# how to design a differential op-amp for sensing a ac current?

I tried to design a simple electronic load, but I would like to amplify the the voltage across the sensing resistor with gain of 20. Then I can apply a sine wave reference to have a current between 0-5 A and control it based on the reference. I tried to do that based on the figure but it doesn't work. Someone told me that this structure for differential amplifier is for DC not for AC. can you help me to improve my design? I have an access to a limited range of op-amp in the lab. How can I use them for this purpose?

• Please label all the components in your diagram. If I want to tell you something about one of your op-amps, I'd rather be able to say "U1" or "U2" instead of "the op-amp on the right" and "the op-amp on the left". – The Photon Oct 2 '15 at 15:51
• How precise do you want the current control to be? With a 10mOhm sensing resistor you would also need to take circuit layout into consideration. Also whats with the sinewave reference as you say? You need to have some form of negative feedback to your "upper op-amp" as it is currently working as a comparator, so it will just switch off the drive as the voltage on sense resistor raises to above reference level. Whats the deal with "upper IRL2004"? It would really help if you explained a bit about your circuit and how you want it to function....... – Golaž Oct 2 '15 at 16:20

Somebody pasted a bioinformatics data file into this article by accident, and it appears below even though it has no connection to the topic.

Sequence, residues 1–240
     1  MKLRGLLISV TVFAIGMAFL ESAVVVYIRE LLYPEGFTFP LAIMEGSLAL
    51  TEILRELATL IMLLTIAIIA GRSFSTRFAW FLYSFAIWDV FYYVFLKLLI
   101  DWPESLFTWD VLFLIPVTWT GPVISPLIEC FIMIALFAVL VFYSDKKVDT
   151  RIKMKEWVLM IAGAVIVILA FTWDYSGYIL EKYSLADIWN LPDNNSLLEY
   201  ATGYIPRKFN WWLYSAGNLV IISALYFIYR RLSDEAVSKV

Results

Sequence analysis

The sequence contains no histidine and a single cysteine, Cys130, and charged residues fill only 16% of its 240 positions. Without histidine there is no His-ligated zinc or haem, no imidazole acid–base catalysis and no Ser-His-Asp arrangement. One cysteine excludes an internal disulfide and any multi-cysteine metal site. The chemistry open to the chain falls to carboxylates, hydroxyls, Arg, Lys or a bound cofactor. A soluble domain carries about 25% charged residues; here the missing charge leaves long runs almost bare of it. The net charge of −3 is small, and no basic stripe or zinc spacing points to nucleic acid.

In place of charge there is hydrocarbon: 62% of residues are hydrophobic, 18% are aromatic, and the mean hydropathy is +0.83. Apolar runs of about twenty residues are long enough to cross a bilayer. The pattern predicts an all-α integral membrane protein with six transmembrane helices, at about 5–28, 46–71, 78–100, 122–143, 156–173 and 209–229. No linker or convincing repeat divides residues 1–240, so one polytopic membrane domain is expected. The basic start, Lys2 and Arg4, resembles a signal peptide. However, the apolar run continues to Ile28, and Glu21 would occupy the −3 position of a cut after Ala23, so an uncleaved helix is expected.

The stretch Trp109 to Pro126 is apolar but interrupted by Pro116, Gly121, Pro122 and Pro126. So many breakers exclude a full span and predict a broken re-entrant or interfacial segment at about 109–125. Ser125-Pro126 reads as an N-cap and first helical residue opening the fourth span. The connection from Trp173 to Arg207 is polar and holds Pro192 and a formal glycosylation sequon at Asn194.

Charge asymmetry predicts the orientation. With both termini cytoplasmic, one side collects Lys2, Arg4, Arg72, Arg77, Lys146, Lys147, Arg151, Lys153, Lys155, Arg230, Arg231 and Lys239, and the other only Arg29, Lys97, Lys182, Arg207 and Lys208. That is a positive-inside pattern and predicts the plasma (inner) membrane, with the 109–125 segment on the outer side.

• @golaz: yes with sinewave reference, in the negative part the current should be zero. and in the positive part the current should track the reference based on the voltage across the sensing resistor. the upper Mosfet isnot necessary to use, in this structure i can use just one, but i would likt to use cascode approch to reduce the miller effect and improve it for operating in high frequency. – Diana Oct 2 '15 at 16:42
• And please tell us HOW it doesn't work. No current at all in the load? Non-sinusoidal waveform? Unwanted oscillation? FETs burn up? And what are your op amp supply voltages? – WhatRoughBeast Oct 2 '15 at 17:05
• Also be aware that your peak dissipation in the FETs will be 125 watts, with an average of about 44 watts. How's your heatsink? – WhatRoughBeast Oct 2 '15 at 17:12

There will be a voltage drop of 0.5V across $R_{sense}$ at full load, but unless you're planning on using the load with very low source voltages (like <1-3V, depending on the characteristics of your MOSFET), I don't expect that will be a problem.